The Reserve Bank’s Monetary Policy Review has shown that persistent supply constraints and robust growth in demand, at a global level, are expected to drive up inflation in South Africa.
The Bank says that while inflation risks remain high in the domestic economy for 2022, economic growth is expected to be stronger than previously forecast, due to stronger commodity export prices.
The Reserve Bank made these assertions during a virtual media briefing to present its Monetary Policy Review on Tuesday.
As geopolitical tensions in Eastern Europe remain elevated, the Reserve Bank anticipates that higher input prices and disruptions to global trade have increased downside risks to global growth and inflation.
The Bank expects global growth to decelerate sharply to 3.7% in 2022, down from an estimated 6.4% last year.
Reserve Bank Governor Lesetja Kganyago said, “Progress towards more stable economic conditions remains under threat. Price pressures have intensified as demand has recovered quickly while supply chains have been slower to recover. The war in Ukraine has exacerbated global price inflation, while dragging down global growth. Price pressures are also evident in South Africa.”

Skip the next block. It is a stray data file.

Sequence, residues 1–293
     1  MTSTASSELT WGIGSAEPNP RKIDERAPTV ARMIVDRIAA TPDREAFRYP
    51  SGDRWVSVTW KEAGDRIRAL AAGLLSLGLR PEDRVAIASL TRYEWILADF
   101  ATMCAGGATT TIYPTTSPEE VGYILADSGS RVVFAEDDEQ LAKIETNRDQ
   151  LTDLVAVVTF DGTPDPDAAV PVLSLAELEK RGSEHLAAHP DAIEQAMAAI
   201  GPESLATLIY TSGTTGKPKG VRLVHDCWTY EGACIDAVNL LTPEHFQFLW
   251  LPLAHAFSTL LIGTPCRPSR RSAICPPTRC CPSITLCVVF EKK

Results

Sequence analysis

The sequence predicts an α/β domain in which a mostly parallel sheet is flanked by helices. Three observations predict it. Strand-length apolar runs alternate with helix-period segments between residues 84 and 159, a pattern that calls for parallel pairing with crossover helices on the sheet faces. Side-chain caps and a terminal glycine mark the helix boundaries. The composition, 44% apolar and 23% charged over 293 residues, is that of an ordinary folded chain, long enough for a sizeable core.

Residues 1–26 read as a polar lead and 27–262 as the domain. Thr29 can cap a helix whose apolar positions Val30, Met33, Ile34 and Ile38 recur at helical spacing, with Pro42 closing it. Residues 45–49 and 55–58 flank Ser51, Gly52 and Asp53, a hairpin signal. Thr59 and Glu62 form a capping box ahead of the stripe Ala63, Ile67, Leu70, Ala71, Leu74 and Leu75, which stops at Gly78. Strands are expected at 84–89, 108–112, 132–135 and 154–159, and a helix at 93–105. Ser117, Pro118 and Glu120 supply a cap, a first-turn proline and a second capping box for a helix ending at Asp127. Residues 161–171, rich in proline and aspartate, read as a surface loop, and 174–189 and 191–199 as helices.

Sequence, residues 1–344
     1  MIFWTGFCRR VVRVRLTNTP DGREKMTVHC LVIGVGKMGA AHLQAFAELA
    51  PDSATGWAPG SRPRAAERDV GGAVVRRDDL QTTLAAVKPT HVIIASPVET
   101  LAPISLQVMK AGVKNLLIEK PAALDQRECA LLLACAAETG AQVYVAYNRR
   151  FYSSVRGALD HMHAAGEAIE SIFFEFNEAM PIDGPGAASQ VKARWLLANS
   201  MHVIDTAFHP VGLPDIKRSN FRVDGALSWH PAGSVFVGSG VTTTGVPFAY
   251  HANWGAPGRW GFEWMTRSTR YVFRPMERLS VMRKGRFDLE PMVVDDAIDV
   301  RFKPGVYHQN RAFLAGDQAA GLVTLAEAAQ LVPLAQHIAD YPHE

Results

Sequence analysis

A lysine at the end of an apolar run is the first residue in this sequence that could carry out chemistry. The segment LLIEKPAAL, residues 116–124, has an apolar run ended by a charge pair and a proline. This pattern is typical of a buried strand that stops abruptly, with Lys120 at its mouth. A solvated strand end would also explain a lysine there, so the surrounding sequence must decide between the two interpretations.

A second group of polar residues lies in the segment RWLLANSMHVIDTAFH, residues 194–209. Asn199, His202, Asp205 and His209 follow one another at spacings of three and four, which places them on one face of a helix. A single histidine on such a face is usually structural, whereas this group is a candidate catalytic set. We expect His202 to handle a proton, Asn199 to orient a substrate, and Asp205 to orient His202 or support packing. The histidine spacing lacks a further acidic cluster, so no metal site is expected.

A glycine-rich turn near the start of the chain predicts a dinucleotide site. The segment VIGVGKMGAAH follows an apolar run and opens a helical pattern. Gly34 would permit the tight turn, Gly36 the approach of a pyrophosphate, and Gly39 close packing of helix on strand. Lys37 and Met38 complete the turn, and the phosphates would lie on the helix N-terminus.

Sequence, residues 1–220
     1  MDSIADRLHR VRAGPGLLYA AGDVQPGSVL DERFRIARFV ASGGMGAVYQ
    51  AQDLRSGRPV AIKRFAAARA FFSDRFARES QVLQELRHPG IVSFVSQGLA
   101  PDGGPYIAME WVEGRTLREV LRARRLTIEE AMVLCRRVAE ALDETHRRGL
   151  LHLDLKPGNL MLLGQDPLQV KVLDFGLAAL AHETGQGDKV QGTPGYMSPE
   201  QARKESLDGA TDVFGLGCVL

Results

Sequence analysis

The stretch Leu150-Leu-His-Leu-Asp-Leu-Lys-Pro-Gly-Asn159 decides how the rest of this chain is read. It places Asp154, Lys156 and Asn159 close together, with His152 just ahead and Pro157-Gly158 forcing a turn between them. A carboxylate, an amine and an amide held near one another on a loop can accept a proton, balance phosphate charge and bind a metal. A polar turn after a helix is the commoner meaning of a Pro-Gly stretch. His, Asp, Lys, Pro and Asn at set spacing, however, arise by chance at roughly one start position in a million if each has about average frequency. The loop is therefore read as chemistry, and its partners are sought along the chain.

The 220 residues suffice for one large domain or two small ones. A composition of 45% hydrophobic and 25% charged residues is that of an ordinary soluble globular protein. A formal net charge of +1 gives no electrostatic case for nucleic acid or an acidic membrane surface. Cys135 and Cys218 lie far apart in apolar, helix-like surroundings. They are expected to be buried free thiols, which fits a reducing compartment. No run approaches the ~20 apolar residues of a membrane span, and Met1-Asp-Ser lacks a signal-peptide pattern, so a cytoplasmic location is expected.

The Reserve Bank expects economic growth in the first quarter of the year to reach 0.8%, while growth for the full year has been revised up to 2%.
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Slow rate of recovery
Lead Economist at the Reserve Bank, Witness Sambanegavi says although economic growth is expected to continue, the slow rate of recovery had an adverse impact on jobs.
“Three sectors have actually recovered to beyond their 2019 output, and these are agriculture finance, community and social services. But we also see that some sectors, especially construction and transport and trade, remain far below their 2019 output. The difference of recovery is of concern, particularly given that some of these sectors are very labour intensive. So their slow recovery is impeding economic wide recovery and jobs,” says Sambanegavi.
The Bank expects the headline consumer price inflation to average 5.8% in 2022, underpinned by rising fuel prices and elevated food inflation.
“Fuel price inflation has aggressively increased. If you look at November, to January and then to March and substantially higher now. But it is expected to come down substantially in 2023, partly due to base effects, and partly because we do expected oil prices to moderate substantially in 2023,” says Sambanegavi.
The Reserve bank says higher commodity prices have boosted the current account surplus and provided cheap financing for government spending.